Throughout the history of the church, practically every time there has been a major advance in clarity and understanding that brings some key gospel truth into clear focus, almost immediately some liberalizing tendency seeks to nullify the gain.
In the eleventh century, for example, Anselm of Canterbury untangled a millennium of confusion about the atonement in his landmark book Cur Deus Homo. Anselm demonstrated from Scripture that Christ's death was an offering to God—a full satisfaction rendered by Christ to God—rather than a payment to appease Satan or an act of martyrdom at the hands of wicked men. Anselm's work highlighted the simple but crucial truths that the atonement was the central reason God became a man, and that redemption is a gracious work of Christ to be received by faith alone. But no sooner had the truth of divine grace begun to regain its rightful place at the center of the gospel than Peter Abelard rose up and denied that Christ's death was any kind of payment or substitution at all. In Abelard's view, the cross was merely a radical example of self-sacrificial love, designed to win men's hearts and give them a pattern to follow. Abelard's explanation of the atonement (a classic expression of liberal thinking) thus made the work of redemption something the sinner must do for himself by mimicking Christ.
Nevertheless, Anselm's work paved the way for the Protestant Reformation 500 years later. But even the Reformation was immediately answered with a new liberalizing tendency, Socinianism. Named for Laelius Socinus (an inveterate skeptic who nevertheless retained a form of religion), Socinianism was a typically misguided liberal attempt to retain the moral essence of Christ's teaching while rejecting virtually every orthodox doctrine and supernatural element of the Christian faith, beginning with the authority of Scripture.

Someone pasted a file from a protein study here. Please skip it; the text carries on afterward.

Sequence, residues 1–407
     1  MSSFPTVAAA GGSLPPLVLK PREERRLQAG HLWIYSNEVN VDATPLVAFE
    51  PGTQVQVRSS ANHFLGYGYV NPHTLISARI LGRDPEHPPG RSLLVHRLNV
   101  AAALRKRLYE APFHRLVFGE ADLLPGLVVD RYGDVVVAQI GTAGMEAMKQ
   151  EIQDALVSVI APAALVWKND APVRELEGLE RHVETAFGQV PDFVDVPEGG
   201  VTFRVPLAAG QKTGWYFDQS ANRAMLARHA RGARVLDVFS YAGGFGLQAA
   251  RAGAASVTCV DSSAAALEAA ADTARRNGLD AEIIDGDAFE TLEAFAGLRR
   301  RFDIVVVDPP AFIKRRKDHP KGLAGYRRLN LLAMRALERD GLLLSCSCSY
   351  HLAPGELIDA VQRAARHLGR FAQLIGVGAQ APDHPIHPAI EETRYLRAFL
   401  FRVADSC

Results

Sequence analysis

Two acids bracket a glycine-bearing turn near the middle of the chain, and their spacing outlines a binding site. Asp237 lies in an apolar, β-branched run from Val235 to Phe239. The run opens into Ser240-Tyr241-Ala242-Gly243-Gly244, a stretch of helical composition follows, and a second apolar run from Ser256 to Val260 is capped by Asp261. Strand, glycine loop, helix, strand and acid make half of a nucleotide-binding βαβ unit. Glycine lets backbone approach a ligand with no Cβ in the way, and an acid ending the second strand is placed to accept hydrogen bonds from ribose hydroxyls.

Socinianism was followed by a string of similar liberal movements. Most of them appeared in reaction to various revivals and expansions of gospel preaching. The Great Awakening in colonial America was followed by the rise of deism. The Second Great Awakening was severely marred by an upsurge of moralistic free-will theology and perfectionist dogmas. That in turn was exacerbated by a major movement toward Unitarianism in the early nineteenth century. Meanwhile, in Germany, Friedrich Schleiermacher was blending Enlightenment philosophies with Christian moral teachings, using higher criticism to justify skepticism about the Bible's supernatural claims.
Modernism managed to smuggle practically every classic expression of theological liberalism into evangelical circles under the guise of staying abreast of the times. Virtually every significant evangelical institution that embraced any degree of modernism soon abandoned evangelical principles. And practically all of them became empty shells of what they once were.
The legacy of such movements is clear—or it ought to be. No good has ever come from the liberalizing tendency. It is rooted in a way of thinking that is hostile to the authority of Scripture; it inevitably corrupts the simplicity of the gospel of grace; and it fosters skepticism and (in the worst cases) rank unbelief.